# The pass statement

# Ignore an exception

    metadata = metadata['properties']
except KeyError:

# Create a new Exception that can be caught

class CompileError(Exception):

# Syntax

  • pass

# Remarks

Why would you ever want to tell the interpreter to explicitly do nothing? Python has the syntactical requirement that code blocks (after if, except, def, class etc.) cannot be empty.

But sometimes an empty code block is useful in itself. An empty class block can definine a new, different class, such as exception that can be caught. An empty except block can be the simplest way to express “ask for forgiveness later” if there was nothing to ask for forgiveness for. If an iterator does all the heavy lifting, an empty for loop to just run the iterator can be useful.

Therefore, if nothing is supposed to happen in a code block, a pass is needed for such a block to not produce an IndentationError. Alternatively, any statement (including just a term to be evaluated, like the Ellipsis literal ... or a string, most often a docstring) can be used, but the pass makes clear that indeed nothing is supposed to happen, and does not need to be actually evaluated and (at least temporarily) stored in memory. Here is a small annotated collection of the most frequent uses of pass that crossed my way – together with some comments on good and bad pratice.

  • Ignoring (all or) a certain type of `Exception` (example from `xml`):
         self.version = "Expat %d.%d.%d" % expat.version_info
     except AttributeError:
         pass # unknown

    Note: Ignoring all types of raises, as in the following example from pandas, is generally considered bad practice, because it also catches exceptions that should probably be passed on to the caller, e.g. KeyboardInterrupt or SystemExit (or even HardwareIsOnFireError – How do you know you aren't running on a custom box with specific errors defined, which some calling application would want to know about?).


    Instead using at least except Error: or in this case preferably except OSError: is considered much better practice. A quick analysis of all python modules I have installed gave me that more than 10% of all except ...: pass statements catch all exceptions, so it's still a frequent pattern in python programming.

  • Deriving an exception class that does not add new behaviour (e.g. in scipy):

     class CompileError(Exception):

    Similarly, classes intended as abstract base class often have an explicit empty __init__ or other methods that subclasses are supposed to derive. (e.g. pebl)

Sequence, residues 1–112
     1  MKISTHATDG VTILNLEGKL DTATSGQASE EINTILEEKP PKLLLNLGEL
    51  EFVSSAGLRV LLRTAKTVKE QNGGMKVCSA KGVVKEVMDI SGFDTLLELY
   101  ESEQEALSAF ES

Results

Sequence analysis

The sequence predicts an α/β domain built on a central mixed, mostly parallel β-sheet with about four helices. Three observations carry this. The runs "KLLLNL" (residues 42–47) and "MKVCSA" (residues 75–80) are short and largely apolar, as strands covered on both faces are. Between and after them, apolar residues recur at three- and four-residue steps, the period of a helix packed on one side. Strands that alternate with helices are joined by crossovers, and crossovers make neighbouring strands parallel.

class _BaseSubmittingController(_BaseController):
         def submit(self, tasks): pass
         def retrieve(self, deferred_results): pass
  • Testing that code runs properly for a few test values, without caring about the results (from `mpmath`):
     for x, error in MDNewton(mp, f, (1,-2), verbose=0,
                              norm=lambda x: norm(x, inf)):
  • In class or function definitions, often a docstring is already in place as the **obligatory statement** to be executed as the only thing in the block. In such cases, the block may contain `pass` **in addition** to the docstring in order to say “This is indeed intended to do nothing.”, for example in `pebl`:
     class ParsingError(Exception): 
         """Error encountered while parsing an ill-formed datafile."""
  • In some cases, `pass` is used as a placeholder to say “This method/class/if-block/... has not been implemented yet, but this will be the place to do it”, although I personally prefer the `Ellipsis` literal `...` (NOTE: python-3 only) in order to strictly differentiate between this and the intentional “no-op” in the previous example. For example, if I write a model in broad strokes, I might write

     def update_agent(agent):

    where others might have

     def update_agent(agent):


     def time_step(agents):
         for agent in agents:

    as a reminder to fill in the update_agent function at a later point, but run some tests already to see if the rest of the code behaves as intended. (A third option for this case is raise NotImplementedError. This is useful in particular for two cases: Either “This abstract method should be implemented by every subclass, there is no generic way to define it in this base class”, or “This function, with this name, is not yet implemented in this release, but this is what its signature will look like”)